If you’ve never read Kingsolver’s writing, you are missing out on brilliance. The only other book I’ve read by her is Animal Dreams, but The Poisonwood Bible is waiting on my shelf. Those two are fictional (and full of symbols and epic family story lines), but Animal, Vegetable, Miracle is a non-fiction work about Kingsolver’s journey, along with her biology professor spouse and two daughters, to live off the land for a year–to be a locavore. They vowed to only purchase foods grown within a 120-mile radius and from people they knew; in turn, they ended up growing most of their own food.
The thought of no Coca-Cola for a year is not appealing to me, and if my little sister had to go without a bag a Lay’s for a year, she might die. However, the way Kingsolver describes this journey, with its emphasis on getting satisfaction out of manual labor on your own soil, reaping surprise after surprise from your garden, and taking care to plant and grow completely natural plants and animals really spoke to this farm girl’s heart. It also deepened my commitment to learning how to cook with less processed foods, more diverse vegetables and in a way that is friendly to the earth. (One example: the carbon footprint of bananas is ridiculous. Why let the great fruits that are local and in season go to waste while you eat bananas from another continent?) Finding local, farm-fresh meat and dairy is something I hope to accomplish this year. My good friend from too far away, Andi has a farm that sells grass-finished beef, poultry, and pork, among other things, and I truly miss being close enough to support their farm regularly. But, why can’t I find something around here?
As for the style of the writing, I found myself stopping often to sit and digest the metaphorically dripping sentence I’d just read. Sometimes, my reflection ended with a chuckle or a smile. A few parts I had to read aloud to my family, underline for myself, or dogear to copy later for composition class as an example of good essay writing. Kingsolver can make the most simple vegetable sound like an epic hero. Her blend of literary allusion with pop culture references made my mind reel at her talent with the pen. She spoke of food, cooking, home, and family with passion. (That is certainly something that is missing from all the adolescent literature I read!). Here’s just one excerpt for you:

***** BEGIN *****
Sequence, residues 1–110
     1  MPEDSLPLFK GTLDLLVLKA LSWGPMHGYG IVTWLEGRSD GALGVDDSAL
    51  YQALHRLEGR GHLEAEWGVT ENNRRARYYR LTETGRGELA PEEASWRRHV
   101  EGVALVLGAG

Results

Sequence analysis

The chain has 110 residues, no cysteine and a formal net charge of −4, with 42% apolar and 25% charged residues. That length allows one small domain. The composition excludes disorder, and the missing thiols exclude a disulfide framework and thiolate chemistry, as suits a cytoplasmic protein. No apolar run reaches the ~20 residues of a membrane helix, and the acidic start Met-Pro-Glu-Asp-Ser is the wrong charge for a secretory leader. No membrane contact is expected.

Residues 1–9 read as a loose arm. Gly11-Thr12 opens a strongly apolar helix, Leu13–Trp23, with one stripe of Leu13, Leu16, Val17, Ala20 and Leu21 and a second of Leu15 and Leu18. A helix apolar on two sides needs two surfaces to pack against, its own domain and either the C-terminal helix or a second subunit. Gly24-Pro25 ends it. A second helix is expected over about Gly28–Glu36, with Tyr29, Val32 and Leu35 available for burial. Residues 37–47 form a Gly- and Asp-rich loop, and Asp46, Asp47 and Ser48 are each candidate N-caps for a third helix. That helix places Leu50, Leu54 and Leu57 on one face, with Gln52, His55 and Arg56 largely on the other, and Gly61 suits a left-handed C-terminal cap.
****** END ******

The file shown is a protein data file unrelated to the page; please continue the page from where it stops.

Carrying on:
“Some of my neighbors grumble about the trouble of growing potatoes when a giant bag at the store costs less than a Sunday newspaper. And still, every spring, we are all out there fighting with the cold, mucky late-winter soil, trying to get our potatoes on schedule. We’re not doing it for the dimes we’ll save. We know the fifty-pound bag from the store tastes about like a Sunday newspaper, compared with what we can grow. A batch of tender new Carolas or Red Golds freshly dug in early summer is its own vegetable: waxy, nutty, and sweet. Peruvian Blues, Russian Banana fingerlings, Yukon Golds: the waxy ones hold together when boiled and cut up for potato salad; others get fluffy and butter-colored when baked; still others are ideal for over-roasting. A potatophile needs them all.”
Articles from her husband, dealing with each of the abounding political issues Kingsolver’s chapters brought to light encourage the reader to stop for a moment to evaluate how an individual’s food choices can affect the global economy. This format makes the book best read a chapter at a time. So many issues to think about, research further, and discuss with your friends and family! Along with the short essays, Kingsolver’s daughter Camille writes at the end of each chapter from the perspective of a teenager preparing to head to college. She provides recipes and meal planning, based on what is in season in that chapter.
Some would call Kingsolver idealistic. The thought that everyone could live off the land and eat locally is just ludicrous in our fast-paced, global, corporate-driven economy, right? I was a bit skeptical, too. It certainly is a stretch of the mind for people from my area of the state. But, I came away from the book feeling even more strongly that small farms are better than huge farms; local is better than distant; do-it-yourself is better than processed by someone else; and family is something that needs to be nurtured in the best way possible. I think my grandparents and my great-grandparents had the system working quite well. Isn’t that the way America should be? There is a local food movement that is growing, and I hope it will continue to grow. Farmers today would be wise to start planning to cater to those who have the foresight, hindsight, wisdom, and knowledge to see that our food system needs to be changed.
You should read Animal, Vegetable, Miracle for any one of these reasons:
1. You grew up on or currently live on a farm.
2. You like to garden.
3. You care about where your food comes from.
4. You appreciate good writing.
5. You care about the sustainability of the earth as we use it today.
6. You think you might like to garden.
7. You appreciate the simple life (but are willing to work hard!).